Change Your Beliefs: It's Okay To Check Your Bank Account

August 15, 2018

To me, she was the vision and definition of success. She has a multiple six-figure business and confidently declared she was on track to be a millionaire by the end of 2018.

 

On her website are a few “as seen on” badges. Two are Business Insider and Forbes

 

Not a single strand of hair was out of place. Her manicure was perfect and her makeup was flawless. 

 

She exuded a talk-show-host-like quality, speaking clearly, without the typical “um” and “ah” that tend to fill my sentences.

 

This woman is a single mother of two children and appears to have it all. She was a strong representation of my client avatar, also known as my ideal client.

 

Naturally, I requested to speak to her because I wanted to learn about her relationship with money. After all, if you’re featured on Business Insider and Forbes, you must have a ton of wisdom, right?

 

The other reason for interviewing her was to share her wisdom with my clients. 

 

They too are six-figure earners…however a couple are what I call “broke” six-figure earners. That means, the money that comes in goes right out, often with more going out than coming in. 

 

By sharing her wisdom I believed my clients would feel inspired to change their beliefs around money and take control of their finances in order to live the life they want and deserve.

 

 

 

I began the interview by asking my avatar if she looks at her bank account. 

 

She quickly replied “nope!”

 

I thought she was trying to be funny, therefore, I asked the same question again.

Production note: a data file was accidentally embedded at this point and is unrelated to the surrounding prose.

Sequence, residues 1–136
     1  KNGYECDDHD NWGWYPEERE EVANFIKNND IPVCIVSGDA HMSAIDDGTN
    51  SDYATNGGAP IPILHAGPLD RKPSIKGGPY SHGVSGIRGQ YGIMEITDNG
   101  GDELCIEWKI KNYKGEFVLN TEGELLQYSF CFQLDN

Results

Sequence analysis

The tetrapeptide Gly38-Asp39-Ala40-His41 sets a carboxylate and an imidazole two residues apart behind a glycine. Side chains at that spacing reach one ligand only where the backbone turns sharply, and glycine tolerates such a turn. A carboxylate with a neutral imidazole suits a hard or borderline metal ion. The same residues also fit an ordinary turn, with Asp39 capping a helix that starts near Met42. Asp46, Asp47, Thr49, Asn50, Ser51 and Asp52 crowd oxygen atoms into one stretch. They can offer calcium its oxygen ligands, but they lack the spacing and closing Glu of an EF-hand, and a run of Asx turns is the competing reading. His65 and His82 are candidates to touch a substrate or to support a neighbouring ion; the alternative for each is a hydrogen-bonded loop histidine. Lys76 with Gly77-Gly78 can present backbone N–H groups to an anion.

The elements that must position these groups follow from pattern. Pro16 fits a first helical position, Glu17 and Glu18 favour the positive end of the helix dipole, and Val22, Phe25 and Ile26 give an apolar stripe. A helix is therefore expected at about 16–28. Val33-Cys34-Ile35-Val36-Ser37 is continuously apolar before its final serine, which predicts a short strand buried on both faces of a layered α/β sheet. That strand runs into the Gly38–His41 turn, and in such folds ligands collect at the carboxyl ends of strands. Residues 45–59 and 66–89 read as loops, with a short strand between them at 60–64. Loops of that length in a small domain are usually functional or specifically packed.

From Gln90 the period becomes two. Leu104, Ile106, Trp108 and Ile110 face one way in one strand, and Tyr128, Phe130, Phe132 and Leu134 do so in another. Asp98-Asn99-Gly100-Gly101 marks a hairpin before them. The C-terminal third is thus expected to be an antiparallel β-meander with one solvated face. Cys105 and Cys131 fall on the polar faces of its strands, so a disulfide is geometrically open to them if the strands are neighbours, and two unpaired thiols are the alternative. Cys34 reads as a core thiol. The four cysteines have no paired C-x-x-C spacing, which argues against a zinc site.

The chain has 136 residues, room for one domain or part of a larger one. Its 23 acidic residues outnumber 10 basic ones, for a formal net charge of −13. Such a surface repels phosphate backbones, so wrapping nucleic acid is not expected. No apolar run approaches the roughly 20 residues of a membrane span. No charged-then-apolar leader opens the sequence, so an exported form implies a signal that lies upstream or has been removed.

…and again, she said “nope!”

 

Confused, I changed the question slightly. I asked if she reviews her business financials.  

She said, “Uh, uh.”

 

Finally, I asked how often she speaks to her bookkeeper or tax person.    

 

She said, “Chioma, it has been a few years since I last saw my tax guy. I think he handles the bookkeeping. I usually just hand him stuff and walk away.”

 

The vision of success was dissolving in front of my eyes, and I started to feel like I was being told, yet again, that Santa Claus was not real.

 

I expected to hear how she checks her bank account daily because doing so reminds her to be grateful for the opportunity to make an impact in her community AND support her children.

 

I expected her to tell me how she couldn’t live without her bookkeeper because she now has the clarity needed to grow her business and serve more clients. 

 

I also expected her to praise her tax professional because he saved her at least $50,000.

 

Instead, she tells me she is afraid to check her bank account.

 

When I asked why, she declared she did not want to face the possibility of not having enough money. 

 

She further explained how fear would cause her to subconsciously sabotage her attempt to check her bank account. 

 

For example, she would forget her bank password, or “suddenly” encounter Wi-Fi issues. She’d even type the wrong URL for her bank’s website.   

 

Ultimately she would get frustrated and give up, believing she was not meant to know what was in her account.

 

Her final confession blew my mind. She said she always prays she has enough money whenever she buys something.  

 

The fact is, her situation is not unique. 

 

I’m sure many of us can relate.

 

My six figure-earning clients didn’t have a relationship with their money when we first started working together.

 

Even I didn’t have a relationship with my money a short two years ago, and I had been working as an accountant for 13 years!